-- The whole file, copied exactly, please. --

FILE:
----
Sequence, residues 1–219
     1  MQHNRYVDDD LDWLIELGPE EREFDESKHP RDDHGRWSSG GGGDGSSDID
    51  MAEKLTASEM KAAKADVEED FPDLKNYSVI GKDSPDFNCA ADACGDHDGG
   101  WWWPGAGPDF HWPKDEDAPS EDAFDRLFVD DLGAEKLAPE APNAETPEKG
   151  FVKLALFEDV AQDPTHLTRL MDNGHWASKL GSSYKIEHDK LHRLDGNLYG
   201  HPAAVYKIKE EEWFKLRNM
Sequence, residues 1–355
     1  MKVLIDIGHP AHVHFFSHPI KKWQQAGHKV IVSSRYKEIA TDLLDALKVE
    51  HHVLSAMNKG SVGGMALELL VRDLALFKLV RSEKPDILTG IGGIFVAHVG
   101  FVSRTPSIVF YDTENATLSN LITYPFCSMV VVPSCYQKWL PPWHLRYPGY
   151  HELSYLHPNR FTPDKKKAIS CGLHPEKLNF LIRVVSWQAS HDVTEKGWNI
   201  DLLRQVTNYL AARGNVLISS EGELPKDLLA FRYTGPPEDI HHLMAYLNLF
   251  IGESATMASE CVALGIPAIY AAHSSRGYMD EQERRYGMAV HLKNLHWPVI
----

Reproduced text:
Sequence, residues 1–219
     1  MQHNRYVDDD LDWLIELGPE EREFDESKHP RDDHGRWSSG GGGDGSSDID
    51  MAEKLTASEM KAAKADVEED FPDLKNYSVI GKDSPDFNCA ADACGDHDGG
   101  WWWPGAGPDF HWPKDEDAPS EDAFDRLFVD DLGAEKLAPE APNAETPEKG
   151  FVKLALFEDV AQDPTHLTRL MDNGHWASKL GSSYKIEHDK LHRLDGNLYG
   201  HPAAVYKIKE EEWFKLRNM
Sequence, residues 1–355
     1  MKVLIDIGHP AHVHFFSHPI KKWQQAGHKV IVSSRYKEIA TDLLDALKVE
    51  HHVLSAMNKG SVGGMALELL VRDLALFKLV RSEKPDILTG IGGIFVAHVG
   101  FVSRTPSIVF YDTENATLSN LITYPFCSMV VVPSCYQKWL PPWHLRYPGY
   151  HELSYLHPNR FTPDKKKAIS CGLHPEKLNF LIRVVSWQAS HDVTEKGWNI
   201  DLLRQVTNYL AARGNVLISS EGELPKDLLA FRYTGPPEDI HHLMAYLNLF
   251  IGESATMASE CVALGIPAIY AAHSSRGYMD EQERRYGMAV HLKNLHWPVI